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Murtin on education and economic growth in the US

This paper proposes a model of long term economic development and assesses it on the United States 1840-2000. Because of a low cost of education, parents invest into children’s education and simultaneously diminish the number of their offspring. This trade-off generates a virtuous circle in which individual productivity, labor market participation and the share of the labor force in total population are rising, ultimately transforming a physical capital-based economy into a human capital-based economy. Overall, the model accounts for major traits of American economic development at the micro-economic level over the period, which are: the rapid spread of education, the continuous decrease in fertility and the associated rise in women participation to the labor market, the reduction in differential fertility across income groups, the growth in life expectancy, the Great Compression of income inequality in the course of the twentieth century, and intergenerational correlation of income. Macro-economic trends such as capital deepening in the nineteenth century, the ageing structure of the population, the rise in labor productivity and fast technological change, are also well captured. Counterfactuals show that the expansion of education has a comparable effect on the growth rates of labor and physical capital, and that inequality has a detrimental impact on output growth because it slows down the accumulation of human capital across generations.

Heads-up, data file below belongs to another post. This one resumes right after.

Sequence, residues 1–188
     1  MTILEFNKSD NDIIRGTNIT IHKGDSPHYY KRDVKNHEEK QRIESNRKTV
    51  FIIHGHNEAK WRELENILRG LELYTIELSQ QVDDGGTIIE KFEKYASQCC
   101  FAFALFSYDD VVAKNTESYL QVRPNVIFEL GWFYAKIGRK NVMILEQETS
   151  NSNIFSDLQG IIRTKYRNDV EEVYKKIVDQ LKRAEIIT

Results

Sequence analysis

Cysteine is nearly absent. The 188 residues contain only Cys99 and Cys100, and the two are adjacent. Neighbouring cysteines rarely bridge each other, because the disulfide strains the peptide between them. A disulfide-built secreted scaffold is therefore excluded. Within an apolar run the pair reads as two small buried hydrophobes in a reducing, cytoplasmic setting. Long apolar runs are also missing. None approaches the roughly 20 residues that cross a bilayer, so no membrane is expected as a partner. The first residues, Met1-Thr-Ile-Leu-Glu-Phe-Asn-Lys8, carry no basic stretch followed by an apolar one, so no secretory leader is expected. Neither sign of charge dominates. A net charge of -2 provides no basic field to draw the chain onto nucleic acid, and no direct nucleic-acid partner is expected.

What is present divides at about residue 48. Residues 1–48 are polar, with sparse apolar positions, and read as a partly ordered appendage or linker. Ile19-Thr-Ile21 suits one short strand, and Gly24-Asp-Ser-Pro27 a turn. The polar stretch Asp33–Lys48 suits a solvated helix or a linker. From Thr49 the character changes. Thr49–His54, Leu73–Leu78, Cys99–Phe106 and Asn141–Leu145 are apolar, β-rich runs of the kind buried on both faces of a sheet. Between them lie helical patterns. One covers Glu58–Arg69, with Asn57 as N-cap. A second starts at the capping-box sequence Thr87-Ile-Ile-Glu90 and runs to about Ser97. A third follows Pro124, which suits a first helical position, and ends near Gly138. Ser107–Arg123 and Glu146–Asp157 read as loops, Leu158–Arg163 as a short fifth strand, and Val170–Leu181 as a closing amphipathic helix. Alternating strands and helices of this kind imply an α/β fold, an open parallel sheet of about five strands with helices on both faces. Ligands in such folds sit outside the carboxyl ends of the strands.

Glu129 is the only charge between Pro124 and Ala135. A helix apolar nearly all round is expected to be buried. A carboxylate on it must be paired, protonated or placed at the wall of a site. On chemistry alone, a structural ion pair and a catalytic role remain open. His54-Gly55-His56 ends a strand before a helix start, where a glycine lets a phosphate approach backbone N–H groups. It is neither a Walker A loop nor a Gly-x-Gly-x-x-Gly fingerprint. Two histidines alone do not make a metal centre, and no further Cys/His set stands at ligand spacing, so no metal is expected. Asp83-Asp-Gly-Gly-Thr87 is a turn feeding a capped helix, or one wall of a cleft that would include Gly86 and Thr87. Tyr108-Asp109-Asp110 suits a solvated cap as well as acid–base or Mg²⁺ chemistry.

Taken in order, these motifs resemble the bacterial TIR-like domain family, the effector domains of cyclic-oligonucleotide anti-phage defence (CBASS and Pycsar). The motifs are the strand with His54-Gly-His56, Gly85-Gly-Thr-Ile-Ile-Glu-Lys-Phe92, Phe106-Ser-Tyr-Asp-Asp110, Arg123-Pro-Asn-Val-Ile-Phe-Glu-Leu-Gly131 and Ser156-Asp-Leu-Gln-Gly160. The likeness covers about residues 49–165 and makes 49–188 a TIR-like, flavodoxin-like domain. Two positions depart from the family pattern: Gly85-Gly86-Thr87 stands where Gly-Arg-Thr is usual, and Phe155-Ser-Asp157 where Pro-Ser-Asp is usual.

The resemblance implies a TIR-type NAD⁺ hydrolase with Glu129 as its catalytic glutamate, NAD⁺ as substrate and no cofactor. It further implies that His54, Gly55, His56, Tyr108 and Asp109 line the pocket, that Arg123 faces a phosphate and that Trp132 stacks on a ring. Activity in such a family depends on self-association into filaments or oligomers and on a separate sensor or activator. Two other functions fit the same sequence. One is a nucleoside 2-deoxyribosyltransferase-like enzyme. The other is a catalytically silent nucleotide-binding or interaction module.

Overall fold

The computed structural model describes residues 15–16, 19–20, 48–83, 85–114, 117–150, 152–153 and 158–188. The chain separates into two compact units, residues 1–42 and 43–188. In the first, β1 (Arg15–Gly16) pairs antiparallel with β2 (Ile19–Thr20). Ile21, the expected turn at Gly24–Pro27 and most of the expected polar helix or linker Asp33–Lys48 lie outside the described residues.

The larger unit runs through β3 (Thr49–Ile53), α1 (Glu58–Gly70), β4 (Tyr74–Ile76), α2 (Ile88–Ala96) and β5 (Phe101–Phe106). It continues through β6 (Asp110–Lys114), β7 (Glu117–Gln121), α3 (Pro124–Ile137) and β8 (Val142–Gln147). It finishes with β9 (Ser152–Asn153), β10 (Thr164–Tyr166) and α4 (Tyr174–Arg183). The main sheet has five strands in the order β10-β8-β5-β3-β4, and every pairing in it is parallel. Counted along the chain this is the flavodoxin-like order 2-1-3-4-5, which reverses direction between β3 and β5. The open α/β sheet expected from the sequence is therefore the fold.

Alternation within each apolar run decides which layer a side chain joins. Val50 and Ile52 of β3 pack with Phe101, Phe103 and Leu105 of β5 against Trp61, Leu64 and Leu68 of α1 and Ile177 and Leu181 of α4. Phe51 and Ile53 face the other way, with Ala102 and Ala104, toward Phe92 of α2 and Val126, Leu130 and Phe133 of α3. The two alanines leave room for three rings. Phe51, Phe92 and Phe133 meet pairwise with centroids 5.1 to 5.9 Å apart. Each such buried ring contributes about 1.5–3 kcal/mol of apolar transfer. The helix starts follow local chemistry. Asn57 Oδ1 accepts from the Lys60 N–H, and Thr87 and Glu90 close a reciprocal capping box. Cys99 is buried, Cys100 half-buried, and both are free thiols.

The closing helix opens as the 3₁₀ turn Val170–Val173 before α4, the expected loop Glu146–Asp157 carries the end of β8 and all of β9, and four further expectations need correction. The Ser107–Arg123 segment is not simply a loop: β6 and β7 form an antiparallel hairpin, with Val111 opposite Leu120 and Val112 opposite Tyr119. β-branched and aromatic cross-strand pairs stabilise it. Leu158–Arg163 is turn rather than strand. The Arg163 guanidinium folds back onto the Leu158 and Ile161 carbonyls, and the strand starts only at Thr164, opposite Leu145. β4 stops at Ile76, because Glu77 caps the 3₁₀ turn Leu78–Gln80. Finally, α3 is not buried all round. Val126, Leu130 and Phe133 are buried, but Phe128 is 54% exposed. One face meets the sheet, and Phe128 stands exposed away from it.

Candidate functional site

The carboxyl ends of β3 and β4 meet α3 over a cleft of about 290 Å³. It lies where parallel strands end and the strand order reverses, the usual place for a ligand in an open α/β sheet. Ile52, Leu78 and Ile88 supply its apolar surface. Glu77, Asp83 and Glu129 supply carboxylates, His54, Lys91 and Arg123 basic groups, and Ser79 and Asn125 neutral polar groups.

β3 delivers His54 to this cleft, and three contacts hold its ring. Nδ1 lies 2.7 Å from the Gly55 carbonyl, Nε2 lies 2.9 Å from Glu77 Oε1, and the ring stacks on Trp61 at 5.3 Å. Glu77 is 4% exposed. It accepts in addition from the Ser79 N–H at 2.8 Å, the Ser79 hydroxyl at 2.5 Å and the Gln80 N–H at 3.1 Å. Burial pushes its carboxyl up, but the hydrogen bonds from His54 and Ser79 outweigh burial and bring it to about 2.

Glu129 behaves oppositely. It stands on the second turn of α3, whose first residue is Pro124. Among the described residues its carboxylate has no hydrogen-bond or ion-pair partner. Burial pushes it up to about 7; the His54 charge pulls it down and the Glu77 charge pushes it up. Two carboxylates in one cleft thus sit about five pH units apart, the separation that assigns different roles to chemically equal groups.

Fabrice Murtin, “American Economic Development or the Virtues of Education,” unpublished paper. Available here.

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